Tamal, an anesthetist, uses his expertise with needles to fill a syringe with rosewater syrup to inject into his sponge cake, making it even more moist and flavorful. If he doesn't win this competition, I have a med-spa-meets-bakery business idea for him. Tamal, if you're reading this, we could get very rich on drugged cakes. A few ideas just off the top of my head: cocoa-codeine, vanilla Vicodin, Lexapro lady fingers.
Time's up and the judges come around to evaluate the flavor, texture, and "crack" of each cake. They love the balance of Nadiya's orange and green cardamon version and appreciate the perfectly candied citrus on top. Ian's inclusion of coconut made the texture of his cake less like a spongy dessert and more like chewing on wallpaper paste. Sandy impressed the judges with her almond liqueur cake and its perfect fruit distribution. Overall, the contestants delivered on the challenge, mostly because it's a familiar recipe that they all knew in advance and could plan and prepare for. (In a very real departure from many reality shows, contestants are aware of each week's theme before they arrive to the tent.)
For confessional-style shots, judges and contestants reflect on what just happened while they're outside in the fresh air among big shady trees or next to an idyllic pond. Their thoughts are often punctuated with the sounds of birds chirping.
[Meanwhile, in America: They would each be questioned in a dark yet brightly lit room with the intensity of a police investigation.]
The second challenge of the episode is apparently a technical challenge, which is always a mystery to the contestants until the day-of. The hosts claim it's "Quintessentially British. More British than Morris Men, Beefeaters, and chicken tikka masala." A visit to wikipedia taught me that Morris Men are men who perform a traditional folk dance, Beefeaters are guards and not just a brand of gin responsible for at least one of my sexual experiences in college, and I know chicken tikka masala because it's always part of my Indian food order when I feel like spending $40 to stay home (come on, you get the dish, but then you obviously need garlic naan, raita, and a few samosas, too).
The big reveal in this challenge is that the contestants must make a walnut cake using a very stripped-down version of one of Mary's recipes for the traditional sponge cake with meringue frosting.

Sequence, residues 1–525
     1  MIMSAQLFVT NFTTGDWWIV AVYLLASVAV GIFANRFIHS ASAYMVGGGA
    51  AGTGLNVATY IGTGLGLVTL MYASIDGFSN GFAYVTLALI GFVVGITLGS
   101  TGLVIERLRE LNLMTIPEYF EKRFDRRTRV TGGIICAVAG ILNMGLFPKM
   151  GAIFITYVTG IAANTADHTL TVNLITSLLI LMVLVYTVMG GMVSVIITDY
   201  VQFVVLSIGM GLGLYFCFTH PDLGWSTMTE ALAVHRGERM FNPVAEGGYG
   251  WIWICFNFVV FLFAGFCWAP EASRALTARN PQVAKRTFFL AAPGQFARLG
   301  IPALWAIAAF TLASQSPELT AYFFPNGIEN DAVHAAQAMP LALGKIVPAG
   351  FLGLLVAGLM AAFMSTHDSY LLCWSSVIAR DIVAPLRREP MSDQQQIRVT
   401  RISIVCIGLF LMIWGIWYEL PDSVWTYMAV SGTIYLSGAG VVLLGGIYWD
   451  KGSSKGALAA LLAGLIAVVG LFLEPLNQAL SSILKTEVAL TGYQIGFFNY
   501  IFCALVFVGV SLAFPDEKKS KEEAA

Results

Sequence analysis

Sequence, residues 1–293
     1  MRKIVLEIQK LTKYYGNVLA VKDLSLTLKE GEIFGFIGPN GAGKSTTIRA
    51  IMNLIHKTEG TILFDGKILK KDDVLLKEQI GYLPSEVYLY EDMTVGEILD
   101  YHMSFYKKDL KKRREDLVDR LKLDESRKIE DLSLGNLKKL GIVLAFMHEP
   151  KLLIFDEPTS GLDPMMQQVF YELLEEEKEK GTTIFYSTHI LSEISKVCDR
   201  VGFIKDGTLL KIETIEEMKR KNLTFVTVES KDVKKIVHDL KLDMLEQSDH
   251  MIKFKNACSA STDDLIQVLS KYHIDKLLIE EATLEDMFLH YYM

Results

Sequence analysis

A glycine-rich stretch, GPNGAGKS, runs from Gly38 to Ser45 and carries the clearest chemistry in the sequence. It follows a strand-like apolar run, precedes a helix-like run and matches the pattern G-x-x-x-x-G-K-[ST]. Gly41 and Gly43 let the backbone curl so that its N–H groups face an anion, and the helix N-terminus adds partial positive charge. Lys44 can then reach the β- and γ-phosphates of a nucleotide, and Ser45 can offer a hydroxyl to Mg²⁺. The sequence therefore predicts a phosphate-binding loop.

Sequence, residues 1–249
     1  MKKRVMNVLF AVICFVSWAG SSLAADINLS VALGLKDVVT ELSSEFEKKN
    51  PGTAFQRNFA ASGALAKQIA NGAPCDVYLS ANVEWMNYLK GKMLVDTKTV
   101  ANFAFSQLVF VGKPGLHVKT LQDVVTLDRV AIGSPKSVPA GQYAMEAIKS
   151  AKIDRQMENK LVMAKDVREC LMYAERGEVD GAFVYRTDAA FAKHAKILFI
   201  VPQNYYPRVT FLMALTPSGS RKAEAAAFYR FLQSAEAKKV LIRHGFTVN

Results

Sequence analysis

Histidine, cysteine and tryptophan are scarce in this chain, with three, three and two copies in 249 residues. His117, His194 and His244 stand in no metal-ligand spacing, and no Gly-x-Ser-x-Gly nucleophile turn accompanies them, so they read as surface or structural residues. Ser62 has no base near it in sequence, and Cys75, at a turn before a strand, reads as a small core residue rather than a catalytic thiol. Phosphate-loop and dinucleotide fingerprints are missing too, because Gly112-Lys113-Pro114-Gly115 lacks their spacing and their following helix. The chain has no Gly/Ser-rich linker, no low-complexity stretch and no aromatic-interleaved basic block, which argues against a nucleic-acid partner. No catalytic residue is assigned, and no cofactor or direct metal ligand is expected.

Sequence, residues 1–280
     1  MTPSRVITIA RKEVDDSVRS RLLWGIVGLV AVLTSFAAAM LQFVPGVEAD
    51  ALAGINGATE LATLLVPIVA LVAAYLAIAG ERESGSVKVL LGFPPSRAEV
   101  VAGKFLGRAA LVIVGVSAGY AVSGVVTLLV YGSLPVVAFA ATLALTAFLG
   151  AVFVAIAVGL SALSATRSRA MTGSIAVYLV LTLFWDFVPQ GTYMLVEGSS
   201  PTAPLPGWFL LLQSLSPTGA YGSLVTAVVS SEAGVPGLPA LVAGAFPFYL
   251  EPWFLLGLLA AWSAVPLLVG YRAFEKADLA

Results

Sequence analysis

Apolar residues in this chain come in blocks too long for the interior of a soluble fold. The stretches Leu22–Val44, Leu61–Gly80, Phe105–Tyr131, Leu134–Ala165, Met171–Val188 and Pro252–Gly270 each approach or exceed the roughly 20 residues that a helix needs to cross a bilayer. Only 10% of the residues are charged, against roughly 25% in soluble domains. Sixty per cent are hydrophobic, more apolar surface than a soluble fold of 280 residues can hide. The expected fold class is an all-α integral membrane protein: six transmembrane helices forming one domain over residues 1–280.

[Meanwhile, in America: This highly technical mystery challenge would require preparing a classic apple pie but the chefs would all be blindfolded, not be able to use actual apples, and their sous chefs would be a dog.]
While everyone is preparing their sponge cakes for this challenge, I noticed that the cinematography of this show is more like a cooking show than a reality competition. At times it feels like we're in Ina Garten or Giada De Laurentiis's kitchen. Shots are often incredibly sumptuous and sensory — we hear the mixer running up against the side of a glass bowl full of frosting, see a knife repeatedly chopping the waxy walnuts. It's easy to forget this is actually a competition. Even when dramatic music underscores a scene, it feels more like there's an orchestra pit in the tent than someone adding sounds in post.
The challenges of this traditional dessert are that you must chop the walnuts to be fine enough that they won't all sink to the bottom of the light sponge cake, but also still coarse enough to get some texture and flavor from them. The layers must be even and separated by buttercream frosting, and the whole thing must be covered in a fluffy and not granular meringue.
Once cooking time is over, the contestants bring their "bakes" to the front for Paul and Mary to sample and determine a ranking from worst to best. Rounding out the bottom is Nadiya for her under frosted cake, and Stu for his technical mistakes (and maybe also his hat?). Finishing at the top of the pack is Ugne.